Spanish winners that make a splash at the wine festival

With 1450 wines at this year’s Vancouver International Wine Festival, it can be overwhelming to decide which ones to try. I’ve recently tasted dozens of wines from 10 different countries to make it simpler for you to choose.

As Spain is in the spotlight at the festival, let’s begin with a Spanish bubbly from Penedes, a 2014 JuvéCamps Reserva de la Familia Brut Nature Cava ($20). Cavas are blends of three indigenous grapes to make one of the best value sparkling wines made by the méthode champenoise.

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Handpicked, hand riddled and aged, the Cava is dry, with flavours of peaches and apricots, citrus and toasted almonds, and displays an elegant texture. Enjoy at the Feb. 24 Bacchanalia Gala Dinner, the Feb. 28 Cava Trade Seminar, the March 3 Viva Iberia Lunch and the popular tasting room.

Another delicious sparkler from Spain is the Parés Balta 2010 Cava Blanca Cusiné ($25). With seven years of aging, it’s toasty and complex and was one of the favourites at the Blue Water media preview. As the proprietor, Joan Cusiné described it, “It’s an extrovert. It speaks for itself, like my daughter Blanca…that’s why it’s named after her.” Available at the Feb. 28 Cava Trade Seminar and the March 1 Festival Toast.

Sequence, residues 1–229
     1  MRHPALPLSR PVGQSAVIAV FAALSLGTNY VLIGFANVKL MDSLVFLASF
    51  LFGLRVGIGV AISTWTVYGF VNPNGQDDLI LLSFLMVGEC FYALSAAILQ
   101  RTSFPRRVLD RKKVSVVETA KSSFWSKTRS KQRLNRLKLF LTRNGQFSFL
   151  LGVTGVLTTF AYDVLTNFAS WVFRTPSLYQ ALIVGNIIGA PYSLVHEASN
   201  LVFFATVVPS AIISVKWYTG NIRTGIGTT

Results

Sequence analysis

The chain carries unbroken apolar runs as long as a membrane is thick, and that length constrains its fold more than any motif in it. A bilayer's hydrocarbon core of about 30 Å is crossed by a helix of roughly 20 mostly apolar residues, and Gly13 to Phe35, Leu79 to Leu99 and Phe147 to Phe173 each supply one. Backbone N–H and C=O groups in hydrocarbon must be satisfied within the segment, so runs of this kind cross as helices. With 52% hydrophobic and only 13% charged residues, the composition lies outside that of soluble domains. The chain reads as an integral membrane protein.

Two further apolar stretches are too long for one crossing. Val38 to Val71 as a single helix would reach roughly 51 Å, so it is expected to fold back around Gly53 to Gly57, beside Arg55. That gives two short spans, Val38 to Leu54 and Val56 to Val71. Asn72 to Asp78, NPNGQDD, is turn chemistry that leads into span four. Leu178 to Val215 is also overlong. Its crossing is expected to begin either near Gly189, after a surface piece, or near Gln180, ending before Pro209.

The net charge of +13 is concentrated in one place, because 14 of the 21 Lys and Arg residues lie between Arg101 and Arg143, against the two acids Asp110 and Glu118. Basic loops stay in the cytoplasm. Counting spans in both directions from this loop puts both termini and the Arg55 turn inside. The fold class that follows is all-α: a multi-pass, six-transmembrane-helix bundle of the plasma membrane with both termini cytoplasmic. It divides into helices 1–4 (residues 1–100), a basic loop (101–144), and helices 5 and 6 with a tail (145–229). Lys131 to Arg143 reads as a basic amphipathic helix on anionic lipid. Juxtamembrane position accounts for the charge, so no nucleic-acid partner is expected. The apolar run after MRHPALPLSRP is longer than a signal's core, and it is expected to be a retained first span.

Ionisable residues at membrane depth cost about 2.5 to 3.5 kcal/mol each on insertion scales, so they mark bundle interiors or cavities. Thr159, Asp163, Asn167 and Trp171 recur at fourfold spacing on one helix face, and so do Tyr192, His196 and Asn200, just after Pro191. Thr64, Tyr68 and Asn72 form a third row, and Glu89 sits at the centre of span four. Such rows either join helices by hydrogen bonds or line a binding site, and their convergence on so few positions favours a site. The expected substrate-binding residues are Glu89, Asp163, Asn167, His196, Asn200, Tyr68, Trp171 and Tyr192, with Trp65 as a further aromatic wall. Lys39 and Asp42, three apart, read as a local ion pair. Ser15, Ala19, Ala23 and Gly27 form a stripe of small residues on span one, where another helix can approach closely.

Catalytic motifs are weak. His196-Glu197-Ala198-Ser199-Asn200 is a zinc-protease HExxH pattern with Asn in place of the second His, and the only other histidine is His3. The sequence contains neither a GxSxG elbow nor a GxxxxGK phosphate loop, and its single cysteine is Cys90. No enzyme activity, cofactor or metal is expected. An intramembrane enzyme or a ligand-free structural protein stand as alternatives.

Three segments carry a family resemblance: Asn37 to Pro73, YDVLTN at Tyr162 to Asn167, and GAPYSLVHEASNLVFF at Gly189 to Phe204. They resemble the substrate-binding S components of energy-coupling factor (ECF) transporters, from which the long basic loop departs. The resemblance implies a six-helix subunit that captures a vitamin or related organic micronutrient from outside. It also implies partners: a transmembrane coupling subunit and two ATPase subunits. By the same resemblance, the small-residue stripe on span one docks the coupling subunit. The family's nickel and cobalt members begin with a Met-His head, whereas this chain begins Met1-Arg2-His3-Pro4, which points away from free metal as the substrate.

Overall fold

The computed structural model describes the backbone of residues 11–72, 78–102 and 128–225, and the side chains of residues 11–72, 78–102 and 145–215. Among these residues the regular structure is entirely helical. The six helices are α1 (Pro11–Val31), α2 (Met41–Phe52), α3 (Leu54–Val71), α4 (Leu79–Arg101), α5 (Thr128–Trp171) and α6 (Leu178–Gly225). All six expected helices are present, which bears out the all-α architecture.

For something affordable, cheerful and widely available in local stores, reach for the Bodega Alvear Fino ($19.99). Produced in Montilla, which is located next to the famous Jerez region that makes sherry, this is a slightly cheaper Fino-style bone-dry tasty white wine.

If you love olives and other tapas, the Alvear Fino should be in your wine fridge. Expect a deep bouquet of olives, raisins and nuts with a rich flavour of apples, almonds, salt and olives. Taste it at the Feb. 28 Shades of Sherry Trade Seminar, the March 3rd Viva Iberia Lunch and the Tasting Room.

One of the most popular reds at the media preview was the Torres 2012 Mas la Plana ($90), named after the prestigious vineyard near Barcelona. This 100 per cent cabernet sauvignon turned heads at the Paris Wine Olympiad, when the 1970 vintage triumphed over some of the most famous wines in the world, including some of the best from Bordeaux.

Here is how Wine Enthusiast editor for Spain, Michael Schackner describes it, “A smooth, creamy nose of vanilla, oak and berry aromas leads to a ripe, saturated palate with a meaty texture. Flavours of black fruits, wild herbs, licorice and spice are long, savory and chocolaty on a finish that lasts three minutes.” He scores it 94 points out of 100, which is an A+ in anybody’s books.

You can taste this winner at the March 1st Storied Iberia in Nine Wines Trade Plenary Session, the March 1st Torres Seminar, the March 3rd Decanter World Wine Awards and the four tasting room events.

One of the best things about the Vancouver Wine Festival, besides the wines, is the opportunity to talk to the owner or the winemaker. For example, Miguel Torres Maczassek of Torres will be pouring his Mas La Plana and answering your questions. For more details, visit

Eric Hanson is a retired Richmond teacher and wine educator.

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